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The Dark Highway

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Arthur Cecil Gask (1869-1951), dentist and novelist. He began writing crime fiction while waiting for his patients and in 1921 paid for the publication of his first novel, The Secret of the Sandhills, which was an immediate success. Over a period of forty years Gask wrote over thirty books as well as contributing short stories to The Mail in Adelaide. Most of his novels de Arthur Cecil Gask (1869-1951), dentist and novelist. He began writing crime fiction while waiting for his patients and in 1921 paid for the publication of his first novel, The Secret of the Sandhills, which was an immediate success. Over a period of forty years Gask wrote over thirty books as well as contributing short stories to The Mail in Adelaide. Most of his novels described the activities of a detective, Gilbert Larose, in solving crimes. Gask's work was translated into several European languages, serialised in newspapers and broadcast on radio. He also wrote short stories. H. G. Wells, an admirer of Gask's work, corresponded with Gask. Wells regarded The Vengeance of Larose (1939) as Gask's "best piece of story-telling...It kept me up till half-past one." Bertrand Russell, also an admiring reader, called to see Gask at Gask's home in Walkerville, an Adelaide suburb, when he was in Adelaide in August 1950.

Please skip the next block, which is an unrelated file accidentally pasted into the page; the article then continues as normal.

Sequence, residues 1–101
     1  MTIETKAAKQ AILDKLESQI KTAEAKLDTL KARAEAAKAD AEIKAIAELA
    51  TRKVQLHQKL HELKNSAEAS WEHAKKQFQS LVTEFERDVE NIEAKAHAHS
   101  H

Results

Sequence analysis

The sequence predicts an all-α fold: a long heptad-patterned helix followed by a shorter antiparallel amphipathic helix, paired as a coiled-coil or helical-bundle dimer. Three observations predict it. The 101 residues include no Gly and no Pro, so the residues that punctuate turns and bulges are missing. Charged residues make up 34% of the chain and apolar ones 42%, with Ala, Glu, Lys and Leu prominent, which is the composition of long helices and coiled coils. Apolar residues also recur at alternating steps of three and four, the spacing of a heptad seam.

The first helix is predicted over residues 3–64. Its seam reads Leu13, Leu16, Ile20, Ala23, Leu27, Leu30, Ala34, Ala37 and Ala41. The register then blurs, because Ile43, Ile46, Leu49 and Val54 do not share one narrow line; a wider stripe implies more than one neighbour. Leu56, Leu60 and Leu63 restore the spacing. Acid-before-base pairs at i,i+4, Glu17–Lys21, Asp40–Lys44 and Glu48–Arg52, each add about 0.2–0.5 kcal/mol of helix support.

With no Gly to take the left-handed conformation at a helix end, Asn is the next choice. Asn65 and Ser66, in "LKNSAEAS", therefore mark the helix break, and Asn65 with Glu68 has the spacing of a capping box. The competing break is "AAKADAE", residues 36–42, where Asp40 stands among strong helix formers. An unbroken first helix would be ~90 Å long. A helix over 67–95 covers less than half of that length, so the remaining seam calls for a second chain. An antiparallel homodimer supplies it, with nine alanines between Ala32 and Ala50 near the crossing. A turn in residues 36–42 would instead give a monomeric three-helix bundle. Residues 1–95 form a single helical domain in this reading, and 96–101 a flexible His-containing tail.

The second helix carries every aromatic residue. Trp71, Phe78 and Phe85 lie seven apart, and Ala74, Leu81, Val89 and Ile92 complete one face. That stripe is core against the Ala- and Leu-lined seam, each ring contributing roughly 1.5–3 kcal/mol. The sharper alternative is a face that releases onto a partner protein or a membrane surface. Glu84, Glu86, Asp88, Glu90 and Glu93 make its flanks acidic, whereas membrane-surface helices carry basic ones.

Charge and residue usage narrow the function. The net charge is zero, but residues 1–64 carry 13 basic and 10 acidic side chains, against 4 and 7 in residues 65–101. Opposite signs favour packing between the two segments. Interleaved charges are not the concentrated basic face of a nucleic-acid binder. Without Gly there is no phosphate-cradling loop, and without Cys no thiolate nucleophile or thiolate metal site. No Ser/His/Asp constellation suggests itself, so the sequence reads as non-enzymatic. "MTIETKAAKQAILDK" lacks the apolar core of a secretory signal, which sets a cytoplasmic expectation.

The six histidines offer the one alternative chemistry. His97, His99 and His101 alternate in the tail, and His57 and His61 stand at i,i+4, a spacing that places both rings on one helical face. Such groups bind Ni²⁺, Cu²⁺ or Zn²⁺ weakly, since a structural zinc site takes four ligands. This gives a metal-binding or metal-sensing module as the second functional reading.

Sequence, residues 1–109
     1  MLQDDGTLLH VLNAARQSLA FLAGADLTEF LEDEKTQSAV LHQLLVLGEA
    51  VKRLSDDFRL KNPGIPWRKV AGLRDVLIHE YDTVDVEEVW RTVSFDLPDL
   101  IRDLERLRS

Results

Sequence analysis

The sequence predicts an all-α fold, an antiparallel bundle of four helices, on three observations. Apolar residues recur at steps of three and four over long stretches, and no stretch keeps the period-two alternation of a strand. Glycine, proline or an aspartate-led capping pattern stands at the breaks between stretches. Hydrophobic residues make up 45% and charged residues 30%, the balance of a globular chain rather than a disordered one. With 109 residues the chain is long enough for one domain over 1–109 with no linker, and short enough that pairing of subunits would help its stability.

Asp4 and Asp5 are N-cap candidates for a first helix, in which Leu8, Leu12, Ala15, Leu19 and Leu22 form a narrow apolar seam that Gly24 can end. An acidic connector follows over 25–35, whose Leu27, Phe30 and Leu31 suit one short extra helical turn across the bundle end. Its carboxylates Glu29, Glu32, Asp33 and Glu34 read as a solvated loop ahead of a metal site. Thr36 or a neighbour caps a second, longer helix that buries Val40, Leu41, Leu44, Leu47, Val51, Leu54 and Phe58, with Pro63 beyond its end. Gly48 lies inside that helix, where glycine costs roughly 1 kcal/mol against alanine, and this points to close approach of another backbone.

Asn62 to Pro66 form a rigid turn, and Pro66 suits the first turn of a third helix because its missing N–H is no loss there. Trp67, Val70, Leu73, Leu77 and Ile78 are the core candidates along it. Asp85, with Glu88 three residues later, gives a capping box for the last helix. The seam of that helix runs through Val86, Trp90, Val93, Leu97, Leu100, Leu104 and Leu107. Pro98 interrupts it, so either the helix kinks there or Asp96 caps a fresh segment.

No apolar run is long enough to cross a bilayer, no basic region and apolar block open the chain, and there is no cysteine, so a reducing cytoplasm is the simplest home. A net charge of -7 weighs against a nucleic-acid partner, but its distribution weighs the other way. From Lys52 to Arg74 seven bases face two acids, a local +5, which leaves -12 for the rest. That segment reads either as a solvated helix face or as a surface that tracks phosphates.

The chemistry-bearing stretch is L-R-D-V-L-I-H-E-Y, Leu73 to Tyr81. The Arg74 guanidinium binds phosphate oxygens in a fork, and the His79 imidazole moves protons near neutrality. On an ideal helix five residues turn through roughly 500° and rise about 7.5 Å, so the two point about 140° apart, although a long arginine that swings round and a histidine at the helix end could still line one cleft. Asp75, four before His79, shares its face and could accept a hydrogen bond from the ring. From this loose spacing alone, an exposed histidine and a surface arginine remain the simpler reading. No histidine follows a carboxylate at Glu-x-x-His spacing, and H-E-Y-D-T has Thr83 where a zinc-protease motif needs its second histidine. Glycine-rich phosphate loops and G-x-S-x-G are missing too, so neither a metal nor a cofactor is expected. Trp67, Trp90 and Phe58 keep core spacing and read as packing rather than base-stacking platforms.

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Arthur Cecil Gask (1869-1951), dentist and novelist. He began writing crime fiction while waiting for his patients and in 1921 paid for the publication of his first novel, The Secret of the Sandhills, which was an immediate success. Over a period of forty years Gask wrote over thirty books as well as contributing short stories to The Mail in Adelaide. Most of his novels de Arthur Cecil Gask (1869-1951), dentist and novelist. He began writing crime fiction while waiting for his patients and in 1921 paid for the publication of his first novel, The Secret of the Sandhills, which was an immediate success. Over a period of forty years Gask wrote over thirty books as well as contributing short stories to The Mail in Adelaide. Most of his novels described the activities of a detective, Gilbert Larose, in solving crimes. Gask's work was translated into several European languages, serialised in newspapers and broadcast on radio. He also wrote short stories. H. G. Wells, an admirer of Gask's work, corresponded with Gask. Wells regarded The Vengeance of Larose (1939) as Gask's "best piece of story-telling...It kept me up till half-past one." Bertrand Russell, also an admiring reader, called to see Gask at Gask's home in Walkerville, an Adelaide suburb, when he was in Adelaide in August 1950.

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